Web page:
Many assume the rock is basalt sculpted by wind. “However, the rock type is rhyolite,” said geologist Art Small.
Rhyolite has a surplus of silica and many mineral crystals form while the melted rock is still far below the surface of the earth, Small said. “This increases the viscosity of the melt and usually plugs up the passageways to the surface. This results in a large increase in pressure and usually results in a volcanic explosion.”
The rhyolite usually spreads from the eruptive center as airborne very hot ash (as hot as 1,800 degrees F) said Small. Rhyolite only rarely flows as a liquid upon the surface.
“Essentially, the Balanced Rock area (along with Twin Falls) was the site of explosive volcanic activity associated with the passage of the North American plate over the Yellowstone Hot Spot,” Willsey said. “In other words, the Yellowstone volcano was here 8 million years ago and areas such as Balanced Rock and Shoshone Falls record this event.”
Rhyolite is very different than basalt, which is the typical “lava rock” found all over the Snake River Plain. The rhyolite rocks are much older than the basalts, which are typically less than 1 million years old.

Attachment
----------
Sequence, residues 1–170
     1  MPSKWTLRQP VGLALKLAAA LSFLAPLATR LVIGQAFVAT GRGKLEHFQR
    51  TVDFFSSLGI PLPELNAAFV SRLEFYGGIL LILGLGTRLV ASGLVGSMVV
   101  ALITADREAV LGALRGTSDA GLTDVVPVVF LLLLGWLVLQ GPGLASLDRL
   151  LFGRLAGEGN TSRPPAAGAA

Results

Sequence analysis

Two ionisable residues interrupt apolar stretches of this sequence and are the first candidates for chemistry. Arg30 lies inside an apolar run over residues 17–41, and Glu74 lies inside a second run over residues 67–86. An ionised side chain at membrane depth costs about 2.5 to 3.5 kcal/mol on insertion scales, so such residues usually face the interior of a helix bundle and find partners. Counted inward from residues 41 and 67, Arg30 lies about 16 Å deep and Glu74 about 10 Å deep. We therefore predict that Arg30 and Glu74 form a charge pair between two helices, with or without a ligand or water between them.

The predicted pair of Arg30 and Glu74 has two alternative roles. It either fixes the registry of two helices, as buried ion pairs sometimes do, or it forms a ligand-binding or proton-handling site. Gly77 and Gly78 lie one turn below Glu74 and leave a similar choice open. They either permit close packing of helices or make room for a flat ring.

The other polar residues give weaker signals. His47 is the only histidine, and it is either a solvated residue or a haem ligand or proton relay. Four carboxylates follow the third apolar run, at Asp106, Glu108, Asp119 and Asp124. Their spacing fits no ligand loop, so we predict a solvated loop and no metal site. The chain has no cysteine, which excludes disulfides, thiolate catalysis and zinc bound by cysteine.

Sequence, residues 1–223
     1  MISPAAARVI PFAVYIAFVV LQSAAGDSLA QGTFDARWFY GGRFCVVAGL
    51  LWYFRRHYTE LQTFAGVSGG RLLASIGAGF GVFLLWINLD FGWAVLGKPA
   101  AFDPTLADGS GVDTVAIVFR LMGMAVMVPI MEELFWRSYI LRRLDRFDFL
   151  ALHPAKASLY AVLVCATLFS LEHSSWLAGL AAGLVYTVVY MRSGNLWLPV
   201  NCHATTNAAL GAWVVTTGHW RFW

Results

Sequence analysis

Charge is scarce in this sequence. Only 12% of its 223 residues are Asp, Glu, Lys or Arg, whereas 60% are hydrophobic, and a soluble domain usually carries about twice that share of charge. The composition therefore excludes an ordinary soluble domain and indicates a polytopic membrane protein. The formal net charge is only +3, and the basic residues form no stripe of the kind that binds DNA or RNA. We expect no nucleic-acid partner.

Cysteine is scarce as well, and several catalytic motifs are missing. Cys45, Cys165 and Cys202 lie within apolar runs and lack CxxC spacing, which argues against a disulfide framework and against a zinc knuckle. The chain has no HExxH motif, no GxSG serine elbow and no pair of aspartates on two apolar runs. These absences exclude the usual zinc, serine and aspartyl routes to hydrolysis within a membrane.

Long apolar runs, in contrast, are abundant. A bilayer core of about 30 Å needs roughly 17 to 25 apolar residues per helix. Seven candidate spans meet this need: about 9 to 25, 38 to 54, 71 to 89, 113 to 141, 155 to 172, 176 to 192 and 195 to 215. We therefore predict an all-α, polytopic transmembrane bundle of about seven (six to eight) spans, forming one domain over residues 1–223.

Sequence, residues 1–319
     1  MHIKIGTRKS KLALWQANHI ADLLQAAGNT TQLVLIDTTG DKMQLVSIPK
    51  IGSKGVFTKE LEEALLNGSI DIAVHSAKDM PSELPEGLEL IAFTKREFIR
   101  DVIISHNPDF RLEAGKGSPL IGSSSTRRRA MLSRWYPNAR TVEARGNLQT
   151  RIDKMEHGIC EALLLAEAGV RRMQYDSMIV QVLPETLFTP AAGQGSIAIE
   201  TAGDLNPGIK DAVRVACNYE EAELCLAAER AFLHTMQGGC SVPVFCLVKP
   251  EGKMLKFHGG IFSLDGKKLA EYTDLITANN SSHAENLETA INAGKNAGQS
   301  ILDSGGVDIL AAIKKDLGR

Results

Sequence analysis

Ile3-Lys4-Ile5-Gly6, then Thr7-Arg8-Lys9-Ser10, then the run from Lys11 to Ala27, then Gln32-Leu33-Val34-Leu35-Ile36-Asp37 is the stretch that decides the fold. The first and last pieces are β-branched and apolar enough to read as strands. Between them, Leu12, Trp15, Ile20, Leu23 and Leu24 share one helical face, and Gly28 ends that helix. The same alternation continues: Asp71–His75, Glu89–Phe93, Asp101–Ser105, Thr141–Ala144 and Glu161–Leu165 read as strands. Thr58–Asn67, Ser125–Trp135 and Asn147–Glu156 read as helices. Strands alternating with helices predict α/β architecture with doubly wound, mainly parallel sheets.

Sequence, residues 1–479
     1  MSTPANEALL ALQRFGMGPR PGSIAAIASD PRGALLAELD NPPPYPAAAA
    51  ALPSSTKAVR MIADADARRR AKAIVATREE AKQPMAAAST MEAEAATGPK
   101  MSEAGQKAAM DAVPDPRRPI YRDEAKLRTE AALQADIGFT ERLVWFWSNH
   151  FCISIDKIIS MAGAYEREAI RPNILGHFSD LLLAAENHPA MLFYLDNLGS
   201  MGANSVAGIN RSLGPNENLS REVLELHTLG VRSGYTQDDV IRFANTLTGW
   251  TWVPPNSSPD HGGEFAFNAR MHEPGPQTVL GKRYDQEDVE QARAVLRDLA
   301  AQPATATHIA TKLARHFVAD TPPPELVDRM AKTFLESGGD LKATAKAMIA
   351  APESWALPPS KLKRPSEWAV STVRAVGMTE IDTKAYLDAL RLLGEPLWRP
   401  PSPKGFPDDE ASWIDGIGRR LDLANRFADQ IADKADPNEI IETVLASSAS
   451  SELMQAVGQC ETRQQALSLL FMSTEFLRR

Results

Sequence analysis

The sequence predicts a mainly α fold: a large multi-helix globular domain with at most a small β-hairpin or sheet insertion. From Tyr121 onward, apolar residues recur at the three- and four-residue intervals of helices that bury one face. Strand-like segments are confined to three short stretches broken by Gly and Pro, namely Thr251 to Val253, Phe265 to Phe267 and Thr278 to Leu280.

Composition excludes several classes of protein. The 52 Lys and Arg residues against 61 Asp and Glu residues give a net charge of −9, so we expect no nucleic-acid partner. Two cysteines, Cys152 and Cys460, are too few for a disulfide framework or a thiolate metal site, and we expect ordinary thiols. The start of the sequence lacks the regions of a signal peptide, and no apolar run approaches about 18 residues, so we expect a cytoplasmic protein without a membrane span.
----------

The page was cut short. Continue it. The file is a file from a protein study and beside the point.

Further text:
“The shape of Balanced Rock is the product of differential weathering,” Willsey said. Water exploits fractures and weak zones in the rock and can eventually erode and shape rocks into bizarre shapes. “The wind is usually overrated as a weathering agent and in this case, did very little in shaping Balanced Rock.” The main factors would have been freeze/thaw cycles in fractures of the rock along with fracturing that occurred when the rock formed and cooled and contracted.
So I have to say Idaho is pretty cool. Have you ever been to Balanced Rock? Any hot springs nearby that you know of? If you are not in Idaho, where is the coolest geological place you have been to?